A Feathered Thing: On the resiliency of hope

‘I guess we never see the plan,” Kay said to me with resignation. I sensed no resentment in her voice; on the contrary, I heard undertones of confidence. She was sitting across from me at the breakfast table after Mass. I had just preached on our being God’s “handiwork” (Eph 2:10) and had suggested the image of God as a sculptor working in our lives like Donatello, Michelangelo or Bernini, chipping away at a block of marble with a plan in mind that only he can see, wielding hammer and chisel, and then sanding, polishing and refining until the final product was a thing of beauty.

Kay was alone in life. Her two sons died when they were in their 20s. Her daughter passed on soon afterward, succumbing to cancer prematurely. A few years later, her husband went into the hospital for a routine operation on his knee and died when a blood clot hit his heart. Although she rarely spoke about what she believed, I sensed that she had a quiet, enduring hope in the hidden plan of God. As I listened to her across the table, I thought of Emily Dickinson’s words:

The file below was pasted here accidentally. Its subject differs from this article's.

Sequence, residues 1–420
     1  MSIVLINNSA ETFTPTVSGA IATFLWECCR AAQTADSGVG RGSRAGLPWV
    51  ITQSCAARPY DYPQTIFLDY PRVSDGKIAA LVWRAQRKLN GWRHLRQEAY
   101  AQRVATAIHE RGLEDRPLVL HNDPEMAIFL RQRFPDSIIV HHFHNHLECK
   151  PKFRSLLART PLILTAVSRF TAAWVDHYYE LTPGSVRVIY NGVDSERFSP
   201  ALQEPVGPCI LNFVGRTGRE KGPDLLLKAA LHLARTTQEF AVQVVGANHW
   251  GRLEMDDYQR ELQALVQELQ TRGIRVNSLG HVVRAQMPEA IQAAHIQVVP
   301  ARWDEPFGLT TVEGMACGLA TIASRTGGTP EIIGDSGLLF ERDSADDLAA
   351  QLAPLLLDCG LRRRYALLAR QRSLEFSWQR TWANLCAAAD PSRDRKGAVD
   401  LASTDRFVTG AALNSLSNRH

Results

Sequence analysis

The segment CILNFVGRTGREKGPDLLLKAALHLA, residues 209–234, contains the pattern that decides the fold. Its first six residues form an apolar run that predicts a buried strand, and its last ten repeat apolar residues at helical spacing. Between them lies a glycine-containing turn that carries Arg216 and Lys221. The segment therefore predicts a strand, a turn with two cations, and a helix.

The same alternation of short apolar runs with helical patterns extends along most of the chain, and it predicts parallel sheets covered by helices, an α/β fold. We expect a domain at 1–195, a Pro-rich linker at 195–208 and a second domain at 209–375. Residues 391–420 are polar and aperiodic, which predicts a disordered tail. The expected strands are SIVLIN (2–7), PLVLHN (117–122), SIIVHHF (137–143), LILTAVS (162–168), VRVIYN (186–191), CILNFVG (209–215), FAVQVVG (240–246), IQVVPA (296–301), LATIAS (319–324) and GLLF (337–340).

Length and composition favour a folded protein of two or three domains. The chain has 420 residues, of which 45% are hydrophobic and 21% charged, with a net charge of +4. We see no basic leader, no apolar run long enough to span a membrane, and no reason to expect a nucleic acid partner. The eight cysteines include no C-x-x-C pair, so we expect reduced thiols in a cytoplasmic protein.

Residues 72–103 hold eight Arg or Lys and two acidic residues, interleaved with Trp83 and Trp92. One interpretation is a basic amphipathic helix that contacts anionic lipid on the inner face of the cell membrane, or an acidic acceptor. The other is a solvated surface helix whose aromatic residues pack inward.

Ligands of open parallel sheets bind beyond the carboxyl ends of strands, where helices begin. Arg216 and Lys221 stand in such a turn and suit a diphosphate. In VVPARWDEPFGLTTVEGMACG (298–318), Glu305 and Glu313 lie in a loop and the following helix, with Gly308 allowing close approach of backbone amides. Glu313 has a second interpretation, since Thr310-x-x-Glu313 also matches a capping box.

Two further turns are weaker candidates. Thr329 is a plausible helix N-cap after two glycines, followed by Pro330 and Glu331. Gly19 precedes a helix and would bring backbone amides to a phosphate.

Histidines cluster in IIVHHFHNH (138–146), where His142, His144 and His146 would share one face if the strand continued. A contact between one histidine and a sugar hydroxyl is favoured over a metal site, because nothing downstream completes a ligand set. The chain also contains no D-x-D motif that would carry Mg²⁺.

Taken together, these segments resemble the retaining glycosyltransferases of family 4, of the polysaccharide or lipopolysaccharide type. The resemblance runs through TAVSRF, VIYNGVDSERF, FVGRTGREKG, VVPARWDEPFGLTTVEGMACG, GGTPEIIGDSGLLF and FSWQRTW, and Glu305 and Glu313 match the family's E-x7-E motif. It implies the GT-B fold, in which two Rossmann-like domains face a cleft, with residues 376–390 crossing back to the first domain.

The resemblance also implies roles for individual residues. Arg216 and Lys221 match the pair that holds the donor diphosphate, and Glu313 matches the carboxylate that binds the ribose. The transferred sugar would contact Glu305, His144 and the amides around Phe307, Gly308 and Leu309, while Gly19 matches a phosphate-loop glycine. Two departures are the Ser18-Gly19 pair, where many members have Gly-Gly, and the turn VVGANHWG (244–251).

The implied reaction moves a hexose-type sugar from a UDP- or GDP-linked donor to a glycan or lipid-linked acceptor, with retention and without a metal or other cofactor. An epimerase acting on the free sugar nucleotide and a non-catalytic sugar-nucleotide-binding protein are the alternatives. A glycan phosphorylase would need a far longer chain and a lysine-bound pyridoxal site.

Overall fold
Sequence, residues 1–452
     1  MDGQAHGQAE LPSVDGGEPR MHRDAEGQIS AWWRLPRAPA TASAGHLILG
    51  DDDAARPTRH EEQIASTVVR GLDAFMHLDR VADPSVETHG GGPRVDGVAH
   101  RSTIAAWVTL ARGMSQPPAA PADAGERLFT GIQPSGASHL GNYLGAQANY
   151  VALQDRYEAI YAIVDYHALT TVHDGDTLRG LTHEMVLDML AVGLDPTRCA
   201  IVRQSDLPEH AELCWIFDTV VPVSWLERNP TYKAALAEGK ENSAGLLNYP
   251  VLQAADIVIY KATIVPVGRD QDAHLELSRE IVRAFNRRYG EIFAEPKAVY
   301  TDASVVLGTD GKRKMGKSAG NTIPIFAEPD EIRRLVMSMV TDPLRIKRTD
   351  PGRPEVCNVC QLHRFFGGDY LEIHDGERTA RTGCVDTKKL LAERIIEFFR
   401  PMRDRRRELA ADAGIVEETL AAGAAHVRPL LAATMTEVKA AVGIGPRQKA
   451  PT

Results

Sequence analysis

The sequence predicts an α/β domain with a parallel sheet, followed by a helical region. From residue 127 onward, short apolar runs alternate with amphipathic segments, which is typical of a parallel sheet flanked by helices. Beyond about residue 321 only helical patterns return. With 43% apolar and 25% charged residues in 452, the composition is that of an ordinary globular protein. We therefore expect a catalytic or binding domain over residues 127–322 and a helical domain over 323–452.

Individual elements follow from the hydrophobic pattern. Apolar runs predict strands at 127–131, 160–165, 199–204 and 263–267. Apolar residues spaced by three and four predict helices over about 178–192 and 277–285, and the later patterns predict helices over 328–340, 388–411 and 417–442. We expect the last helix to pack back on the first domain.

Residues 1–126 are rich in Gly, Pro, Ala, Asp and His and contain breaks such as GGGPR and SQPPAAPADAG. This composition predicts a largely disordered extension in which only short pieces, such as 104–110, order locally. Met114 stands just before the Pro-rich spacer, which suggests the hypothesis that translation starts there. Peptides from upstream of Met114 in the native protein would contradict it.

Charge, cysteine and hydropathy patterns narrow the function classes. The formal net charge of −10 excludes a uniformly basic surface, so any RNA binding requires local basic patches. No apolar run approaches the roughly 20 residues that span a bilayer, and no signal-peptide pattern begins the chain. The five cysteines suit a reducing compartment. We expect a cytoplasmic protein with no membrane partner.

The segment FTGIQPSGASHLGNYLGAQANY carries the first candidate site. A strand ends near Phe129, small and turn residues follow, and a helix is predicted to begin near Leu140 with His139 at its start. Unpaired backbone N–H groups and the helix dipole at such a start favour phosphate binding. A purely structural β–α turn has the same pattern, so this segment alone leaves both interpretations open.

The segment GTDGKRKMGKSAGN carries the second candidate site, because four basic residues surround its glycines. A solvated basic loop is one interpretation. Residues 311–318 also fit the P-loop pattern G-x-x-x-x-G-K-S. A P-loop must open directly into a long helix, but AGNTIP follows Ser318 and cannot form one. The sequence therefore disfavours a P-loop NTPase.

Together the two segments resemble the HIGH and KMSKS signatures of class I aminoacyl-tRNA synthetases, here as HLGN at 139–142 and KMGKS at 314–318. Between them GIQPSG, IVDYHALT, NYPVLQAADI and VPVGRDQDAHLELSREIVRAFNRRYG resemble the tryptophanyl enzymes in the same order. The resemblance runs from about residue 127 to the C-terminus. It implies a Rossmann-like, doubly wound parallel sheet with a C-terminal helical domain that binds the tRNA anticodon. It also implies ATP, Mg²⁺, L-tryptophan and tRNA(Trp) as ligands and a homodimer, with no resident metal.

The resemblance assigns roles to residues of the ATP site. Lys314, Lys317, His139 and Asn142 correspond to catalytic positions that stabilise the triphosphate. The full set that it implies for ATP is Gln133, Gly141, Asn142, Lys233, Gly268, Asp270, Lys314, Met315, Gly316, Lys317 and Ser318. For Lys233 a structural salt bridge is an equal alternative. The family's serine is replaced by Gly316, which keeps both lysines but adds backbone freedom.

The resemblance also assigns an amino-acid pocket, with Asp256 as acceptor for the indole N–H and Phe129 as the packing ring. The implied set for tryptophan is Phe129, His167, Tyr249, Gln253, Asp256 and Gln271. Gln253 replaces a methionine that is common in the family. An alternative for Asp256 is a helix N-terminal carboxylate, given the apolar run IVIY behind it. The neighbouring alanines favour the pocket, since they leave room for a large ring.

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Hope is the thing with feathers

That perches in the soul,

And sings the tune—without the words—

And never stops at all.

So many of life’s events conspire to beat hope down. But perched in the soul of the stalwart, it chants its tune persistently. Sometimes it expresses itself in the simplest ways. Over the years several incidents have made me ponder the resiliency of hope.